[news] 
Thursday 20th September 2012 quote quote all
'Renovatio'

Ho pulllllease, Why leave off the last letter? rolleyes

Seb d

490 posts

83 months

[news] 
Thursday 20th September 2012 quote quote all
chrisironside said:
Seems to make more sense having it this way (to me). If I had to stop a giant hamster wheel from crushing my gandma in her sleep I know I'd fancy my chances better standing in front and stopping it as it comes down, rather than running behind and stopping it as it goes up!
Very different scenario with a brake disc - if something is spinning in place, it doesn't matter where you grab it, the stopping force will be just as effective. Remember the calliper is not chasing the disc, it's in a fixed position with it.

chrisironside

174 posts

48 months

[news] 
Thursday 20th September 2012 quote quote all
Seb d said:
chrisironside said:
Seems to make more sense having it this way (to me). If I had to stop a giant hamster wheel from crushing my gandma in her sleep I know I'd fancy my chances better standing in front and stopping it as it comes down, rather than running behind and stopping it as it goes up!
Very different scenario with a brake disc - if something is spinning in place, it doesn't matter where you grab it, the stopping force will be just as effective. Remember the calliper is not chasing the disc, it's in a fixed position with it.
Good point. It's easy to appreciate if imagining the wheel/car on its side...

leon9191

713 posts

79 months

[news] 
Thursday 20th September 2012 quote quote all
chrisironside said:
Seb d said:
chrisironside said:
Seems to make more sense having it this way (to me). If I had to stop a giant hamster wheel from crushing my gandma in her sleep I know I'd fancy my chances better standing in front and stopping it as it comes down, rather than running behind and stopping it as it goes up!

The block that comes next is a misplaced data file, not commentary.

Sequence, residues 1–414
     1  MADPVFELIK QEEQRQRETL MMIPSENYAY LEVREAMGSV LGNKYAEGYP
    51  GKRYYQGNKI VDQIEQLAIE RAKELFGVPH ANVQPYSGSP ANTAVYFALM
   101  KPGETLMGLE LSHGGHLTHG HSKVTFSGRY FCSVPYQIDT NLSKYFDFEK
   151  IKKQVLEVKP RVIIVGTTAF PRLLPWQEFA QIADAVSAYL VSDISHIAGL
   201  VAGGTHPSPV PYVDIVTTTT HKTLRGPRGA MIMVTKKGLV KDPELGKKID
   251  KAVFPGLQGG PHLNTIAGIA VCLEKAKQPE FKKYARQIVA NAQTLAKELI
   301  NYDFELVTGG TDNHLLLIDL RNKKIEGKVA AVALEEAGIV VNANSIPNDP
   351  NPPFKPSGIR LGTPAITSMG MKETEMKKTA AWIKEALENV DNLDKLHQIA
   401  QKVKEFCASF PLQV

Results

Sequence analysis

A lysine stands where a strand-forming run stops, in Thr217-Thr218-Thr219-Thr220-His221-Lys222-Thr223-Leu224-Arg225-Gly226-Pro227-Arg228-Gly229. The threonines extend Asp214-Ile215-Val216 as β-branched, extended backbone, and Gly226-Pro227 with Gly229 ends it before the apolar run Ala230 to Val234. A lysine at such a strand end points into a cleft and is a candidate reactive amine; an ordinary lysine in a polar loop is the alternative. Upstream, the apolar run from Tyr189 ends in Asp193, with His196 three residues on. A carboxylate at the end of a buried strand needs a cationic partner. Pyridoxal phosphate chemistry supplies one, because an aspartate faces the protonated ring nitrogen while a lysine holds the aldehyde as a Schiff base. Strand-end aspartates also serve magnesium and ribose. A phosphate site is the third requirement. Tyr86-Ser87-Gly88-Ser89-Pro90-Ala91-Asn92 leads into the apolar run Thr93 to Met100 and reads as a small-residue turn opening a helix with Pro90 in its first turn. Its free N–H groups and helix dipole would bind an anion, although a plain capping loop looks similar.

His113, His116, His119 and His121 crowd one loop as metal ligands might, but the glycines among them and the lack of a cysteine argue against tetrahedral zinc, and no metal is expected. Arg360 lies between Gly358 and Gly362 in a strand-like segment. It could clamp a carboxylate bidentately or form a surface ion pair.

Very different scenario with a brake disc - if something is spinning in place, it doesn't matter where you grab it, the stopping force will be just as effective. Remember the calliper is not chasing the disc, it's in a fixed position with it.
Good point. It's easy to appreciate if imagining the wheel/car on its side...
I think it will just be down to packaging and set up of the front hubs, with steering racks, hubs, ball joints and callipers all having to fit and work in a small space the design might actually follow the components selected for use on a small volume car like this.

steve_n

115 posts

88 months

[news] 
Thursday 20th September 2012 quote quote all
With regards to caliper placement there are (slight) weight distribution benefits to putting the front at the back and the back at the front so the weight falls within the wheelbase.

I think it's an ace car and I would have one if I could afford it like I can afford a £1k shed. There's no point 'ordinary' people moaning about the price as they are not trying to sell them to us...

Edited by steve_n on Thursday 20th September 13:30

PascalBuyens

2,868 posts

168 months

[news] 
Thursday 20th September 2012 quote quote all
mikey77 said:
'Renovatio'

Ho pulllllease, Why leave off the last letter? rolleyes
Probably bcs in Czech it's written like that? wink

Carnnoisseur

525 posts

40 months

[news] 
Friday 21st September 2012 quote quote all
Loving the rear and side profiles, but unsure about the front? However, taking the pedigree of the designer into consideration, I can only imagine what it's like to drive, exhilarating to say the least.....